Beacons. For thousands of years, sailors and fishermen have used them to find their way home. Now, Facebook is hoping shoppers will use beacons to find your store.
We’re not talking about lighthouses anymore. We’re talking about a Facebook beacon—a tiny, bluetooth device that broadcasts information about your store to Facebook users who walk within its range. It sounds like a hoax, but it’s real. And for business owners obsessed with social media, a Facebook beacon could be a useful tool … if used correctly.
According to Facebook, the beacon pushes info like this to anyone logged on to Facebook at your store:
- A welcome note or photo from your Page
- Prompts to like your Page and check in
- Posts from your Page
- Their friends’ photos and posts about your place
That sounds pretty useful if you’re running a sale, taking pre-orders for new product, or promoting a specific fishing technique for the week. Since the beacons are also battery-powered, an intrepid marina owner might place one at the docks, luring in sales from boat passengers while the captain gases up.
Here’s a video of how that might work in another industry:
Facebook beacons are free. There are, however, a few catches (aside from the guaranteed data-mining sure to be going on under the hood). Facebook beacons only work when someone is both logged into Facebook and has their Bluetooth and location services turned on. That means savvy smartphone users — the kind that are addicted to social networks, but also know Bluetooth and location services drain your battery — won’t always be able to receive a signal from your beacon. In short, you could be fishing for the low-hanging fruit. Although, as the cloud continues to push its way onto the water and battery technology improves, Bluetooth usage on vessels should continue to rise.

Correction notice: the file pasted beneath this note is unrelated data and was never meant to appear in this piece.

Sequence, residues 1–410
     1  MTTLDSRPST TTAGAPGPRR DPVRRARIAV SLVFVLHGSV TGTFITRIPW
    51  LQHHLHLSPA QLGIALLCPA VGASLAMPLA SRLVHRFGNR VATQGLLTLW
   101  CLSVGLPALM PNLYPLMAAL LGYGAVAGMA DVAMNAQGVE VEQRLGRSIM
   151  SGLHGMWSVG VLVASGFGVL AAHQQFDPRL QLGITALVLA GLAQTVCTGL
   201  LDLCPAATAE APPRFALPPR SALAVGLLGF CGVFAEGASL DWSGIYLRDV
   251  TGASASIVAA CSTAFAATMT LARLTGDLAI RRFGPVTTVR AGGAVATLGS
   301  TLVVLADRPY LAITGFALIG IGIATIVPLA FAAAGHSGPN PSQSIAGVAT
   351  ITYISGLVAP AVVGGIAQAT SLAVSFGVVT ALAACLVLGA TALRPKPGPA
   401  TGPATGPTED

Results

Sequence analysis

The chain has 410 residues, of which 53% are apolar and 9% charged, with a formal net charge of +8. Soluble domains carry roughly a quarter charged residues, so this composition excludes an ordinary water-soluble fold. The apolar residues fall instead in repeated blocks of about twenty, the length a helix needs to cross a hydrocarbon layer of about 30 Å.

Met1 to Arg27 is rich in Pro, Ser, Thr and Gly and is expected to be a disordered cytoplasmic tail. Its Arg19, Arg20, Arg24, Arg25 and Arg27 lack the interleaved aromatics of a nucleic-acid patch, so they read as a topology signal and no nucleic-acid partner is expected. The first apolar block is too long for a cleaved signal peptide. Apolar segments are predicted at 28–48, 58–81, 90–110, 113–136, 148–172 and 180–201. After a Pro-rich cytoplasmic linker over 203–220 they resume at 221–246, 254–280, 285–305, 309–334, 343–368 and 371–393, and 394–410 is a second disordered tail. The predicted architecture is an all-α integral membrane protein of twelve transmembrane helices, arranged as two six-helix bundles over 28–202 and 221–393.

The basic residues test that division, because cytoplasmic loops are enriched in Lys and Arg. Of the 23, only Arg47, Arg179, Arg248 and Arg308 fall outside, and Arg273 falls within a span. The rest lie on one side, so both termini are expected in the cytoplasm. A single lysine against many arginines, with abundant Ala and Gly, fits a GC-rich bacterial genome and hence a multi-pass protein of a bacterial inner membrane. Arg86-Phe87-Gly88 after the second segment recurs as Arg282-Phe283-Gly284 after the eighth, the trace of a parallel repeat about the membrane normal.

What about phones? Android users are out of luck. Beacons are only supported by iOS at the moment, which is a big deal. As of 2016, 55 million U.S. Facebook mobile users were on Android, while 47 million were using iOS.
However, beacons do not need the latest-and-greatest phones to thrive. The most vintage phone supported, iPhone 4S, was launched in 2011, so nearly all customers will be using a device several generations newer than that. Here’s a list of requirements:
- An iPhone 4S or later with Bluetooth® turned on
- The latest version of the Facebook for iOS app
- Location services on their device turned on for Facebook
- Place tips turned on in the Facebook for iOS app
Place tips are the name of the game. They’re the reason you should be interested in Facebook beacons at all. Facebook says they’re a full-featured experience, though it’s not clear how many users will actually take the time to scour through the options presented to them. Regardless, here’s a propaganda video from Silicon Valley to help you understand the benefits:
So, should you be using Facebook beacons? Like any tool for your business, only if the shoe fits. But, if you’re into social networking and looking for a cost-effective way to try a new marketing tool for your shelves, a new style of beacon might just be worth a shot.